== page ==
profits because estimates of the capital consumption adjustment by industry do not exist.  This measure
reflects depreciation-accounting practices used for federal income tax returns.  According to this
measure, domestic profits of financial corporations decreased, while domestic profits of nonfinancial
corporations increased.  The increase in nonfinancial corporations reflected increases in "other"
nonfinancial industries, in utilities, in wholesale trade, in information, and in transportation and
warehousing, that were partly offset by decreases in manufacturing and in retail trade.  Within
manufacturing, a decrease in durable goods industries was partly offset by an increase in nondurable
goods industries.  Within durables, all the industries shown decreased.  Within nondurables, the largest
increase was in chemical products, and the largest decrease was in petroleum and coal products.

	Profits before tax decreased $0.9 billion in the second quarter, compared with a decrease of
$143.4 billion in the first.  The before-tax measure of profits does not reflect, as does profits from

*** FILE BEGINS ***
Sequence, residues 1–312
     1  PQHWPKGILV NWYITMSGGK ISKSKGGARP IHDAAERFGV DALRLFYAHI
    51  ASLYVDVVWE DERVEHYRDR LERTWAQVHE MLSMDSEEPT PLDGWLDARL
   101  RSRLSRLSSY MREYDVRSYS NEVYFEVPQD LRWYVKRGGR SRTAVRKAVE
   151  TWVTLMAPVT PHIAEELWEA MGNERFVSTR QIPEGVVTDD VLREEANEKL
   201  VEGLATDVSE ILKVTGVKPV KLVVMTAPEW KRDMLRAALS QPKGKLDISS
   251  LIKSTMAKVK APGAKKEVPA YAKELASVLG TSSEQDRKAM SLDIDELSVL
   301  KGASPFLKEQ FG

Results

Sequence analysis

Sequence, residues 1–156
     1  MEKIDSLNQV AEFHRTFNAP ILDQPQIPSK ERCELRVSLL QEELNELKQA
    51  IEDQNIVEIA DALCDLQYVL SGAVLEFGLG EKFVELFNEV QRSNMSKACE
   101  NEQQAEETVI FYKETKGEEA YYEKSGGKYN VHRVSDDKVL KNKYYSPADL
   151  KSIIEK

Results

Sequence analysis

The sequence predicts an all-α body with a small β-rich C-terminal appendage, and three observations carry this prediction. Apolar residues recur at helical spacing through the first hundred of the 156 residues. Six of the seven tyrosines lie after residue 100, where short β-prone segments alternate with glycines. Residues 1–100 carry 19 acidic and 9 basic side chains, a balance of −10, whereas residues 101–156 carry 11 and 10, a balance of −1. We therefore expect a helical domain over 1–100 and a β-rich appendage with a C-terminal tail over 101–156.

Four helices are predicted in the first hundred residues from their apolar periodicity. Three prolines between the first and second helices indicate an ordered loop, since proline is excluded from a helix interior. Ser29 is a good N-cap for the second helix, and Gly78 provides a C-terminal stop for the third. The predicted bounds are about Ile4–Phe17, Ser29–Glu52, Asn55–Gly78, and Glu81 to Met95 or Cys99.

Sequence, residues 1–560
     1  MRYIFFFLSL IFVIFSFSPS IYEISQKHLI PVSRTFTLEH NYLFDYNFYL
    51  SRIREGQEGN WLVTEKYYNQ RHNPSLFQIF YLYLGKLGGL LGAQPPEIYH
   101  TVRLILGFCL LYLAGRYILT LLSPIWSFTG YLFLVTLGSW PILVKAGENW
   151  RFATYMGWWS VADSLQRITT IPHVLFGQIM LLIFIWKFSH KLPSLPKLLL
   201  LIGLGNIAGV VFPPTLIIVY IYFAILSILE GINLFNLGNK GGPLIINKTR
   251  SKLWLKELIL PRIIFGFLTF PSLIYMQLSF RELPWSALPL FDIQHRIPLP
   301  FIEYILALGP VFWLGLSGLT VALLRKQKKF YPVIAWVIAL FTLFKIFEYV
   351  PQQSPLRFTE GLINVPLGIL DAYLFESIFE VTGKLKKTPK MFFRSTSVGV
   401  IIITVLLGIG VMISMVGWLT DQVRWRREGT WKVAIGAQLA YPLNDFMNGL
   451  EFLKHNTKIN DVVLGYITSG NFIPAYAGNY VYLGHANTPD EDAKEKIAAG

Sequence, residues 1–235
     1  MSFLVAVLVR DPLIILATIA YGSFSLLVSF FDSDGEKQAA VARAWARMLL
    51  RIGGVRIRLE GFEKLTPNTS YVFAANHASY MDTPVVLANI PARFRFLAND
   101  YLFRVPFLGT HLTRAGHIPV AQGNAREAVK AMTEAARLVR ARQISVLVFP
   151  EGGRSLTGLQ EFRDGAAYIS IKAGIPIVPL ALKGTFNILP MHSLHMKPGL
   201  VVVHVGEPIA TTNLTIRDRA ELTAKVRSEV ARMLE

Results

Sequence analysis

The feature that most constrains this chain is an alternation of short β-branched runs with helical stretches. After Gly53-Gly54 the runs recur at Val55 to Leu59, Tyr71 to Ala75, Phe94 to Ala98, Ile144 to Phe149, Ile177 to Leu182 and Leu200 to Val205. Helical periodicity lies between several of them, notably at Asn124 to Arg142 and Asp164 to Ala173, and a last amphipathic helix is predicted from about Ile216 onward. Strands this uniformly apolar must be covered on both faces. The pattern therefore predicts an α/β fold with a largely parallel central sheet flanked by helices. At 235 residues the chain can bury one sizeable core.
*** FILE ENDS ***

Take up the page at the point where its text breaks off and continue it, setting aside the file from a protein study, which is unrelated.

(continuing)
current production, the capital consumption and inventory valuation adjustments.  These adjustments
convert depreciation of fixed assets and inventory withdrawals reported on a tax-return, historical-cost
basis to the current-cost measures used in the national income and product accounts.  The capital
consumption adjustment decreased $14.7 billion in the second quarter (from -$48.0 billion to -$62.7
billion), in contrast to an increase of $161.2 billion in the first.  The inventory valuation adjustment
decreased $44.6 billion (from -$109.4 billion to -$154.0 billion), compared with a decrease of $35.3
billion.



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                             Next release -- October 30, 2008, at 8:30 A.M. EDT for:
                              Gross Domestic Product:  Third Quarter 2008 (Advance)